Water Ice and Organic Material Found for First Time on Asteroid

The discovery of water ice on asteroids raises questions about the early solar system and the origin of life on Earth

Icy Asteroids

Move aside buddy, I need to vaporize some waterNASA/JPL-Caltech/T. Pyle

A thin film of water ice and organic materials coats the space rock named 24 Themis, according to a study released today. That discovery marks the first-ever direct detection of water ice on an asteroid, and adds evidence to theories about how asteroids could have brought water and organic material to a primordial Earth.

A NASA telescope on Hawaii's Mauna Kea helped scientists gauge the spectrum of infrared sunlight reflected by 24 Themis. Their findings revealed a spectrum consistent with both frozen water and organic material on the 124-mile-wide asteroid, which sits halfway between Mars and Jupiter.

That presented a bit of a mystery, because sunlight would typically cause ice on the asteroid's surface to vaporize. But the latest study published in the journal Nature suggests that ice gets continually replenished by outgassing of water vapor through cracks from inside the asteroid.

Themis belongs to a family of asteroids which formed from the breakup of a larger body long ago, and so it's likely that the parent body had ice. The results may force scientists to rethink their view of the early solar system's evolution.

"It now appears that when the asteroids and planets were first forming in the very early Solar System, ice extended far into the Main Belt region," said Josh Emery, a planetary scientist at the University of Tennessee in Knoxville. "Extending this refined view to planetary systems around other stars, the building blocks of life -- water and organics -- may be more common near each star's habitable zone."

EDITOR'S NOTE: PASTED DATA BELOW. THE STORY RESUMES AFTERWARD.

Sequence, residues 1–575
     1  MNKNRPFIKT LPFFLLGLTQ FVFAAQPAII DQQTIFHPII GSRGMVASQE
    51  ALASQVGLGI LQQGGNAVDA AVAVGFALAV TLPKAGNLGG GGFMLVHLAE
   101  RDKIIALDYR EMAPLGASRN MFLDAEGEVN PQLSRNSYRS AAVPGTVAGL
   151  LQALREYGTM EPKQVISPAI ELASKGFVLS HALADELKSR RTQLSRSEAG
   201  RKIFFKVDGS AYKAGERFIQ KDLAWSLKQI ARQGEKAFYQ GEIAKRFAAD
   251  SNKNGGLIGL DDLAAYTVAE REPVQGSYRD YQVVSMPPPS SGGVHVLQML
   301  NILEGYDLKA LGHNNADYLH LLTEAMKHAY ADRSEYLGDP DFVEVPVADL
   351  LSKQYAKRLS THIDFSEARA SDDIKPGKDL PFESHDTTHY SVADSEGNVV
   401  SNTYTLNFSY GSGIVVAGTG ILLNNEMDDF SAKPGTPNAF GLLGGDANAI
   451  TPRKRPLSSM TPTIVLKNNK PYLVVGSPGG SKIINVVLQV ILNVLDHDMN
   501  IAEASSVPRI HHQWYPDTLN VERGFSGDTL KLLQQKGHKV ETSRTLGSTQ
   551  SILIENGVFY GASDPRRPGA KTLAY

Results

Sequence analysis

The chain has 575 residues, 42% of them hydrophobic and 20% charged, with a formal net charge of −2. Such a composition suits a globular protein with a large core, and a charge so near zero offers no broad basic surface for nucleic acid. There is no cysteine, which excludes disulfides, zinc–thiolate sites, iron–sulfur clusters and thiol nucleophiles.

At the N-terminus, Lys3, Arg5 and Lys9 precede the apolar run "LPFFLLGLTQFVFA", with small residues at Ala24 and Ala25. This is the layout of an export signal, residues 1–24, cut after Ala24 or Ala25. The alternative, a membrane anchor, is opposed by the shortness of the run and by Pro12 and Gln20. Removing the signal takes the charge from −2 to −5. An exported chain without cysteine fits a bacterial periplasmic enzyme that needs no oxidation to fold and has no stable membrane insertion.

The discovery also raises questions about the difference between comets and asteroids, given that scientists have usually viewed asteroids as primarily rocky and comets as icy. Past theories about comets bringing water to Earth were shot down when it turned out that comet water held different isotopic signatures than water on Earth.

This study emerged just as extraterrestrial hunters have gathered for the biennial Astrobiology Science Conference near Houston. Steve Squyres, a planetary scientist at Cornell University in Ithaca, noted that the find could boost interest in visiting an asteroid during future missions.

"Certainly we believe that availability of water and availability of organics are necessary conditions for the origin of life and for sustaining life," Squyres said during a NASA teleconference today. "We should go where the data leads us."

Even Stephen Hawking would probably agree with that, despite his cautionary warnings about more intelligent and advanced alien species with hostile intent.

[via PhysOrg]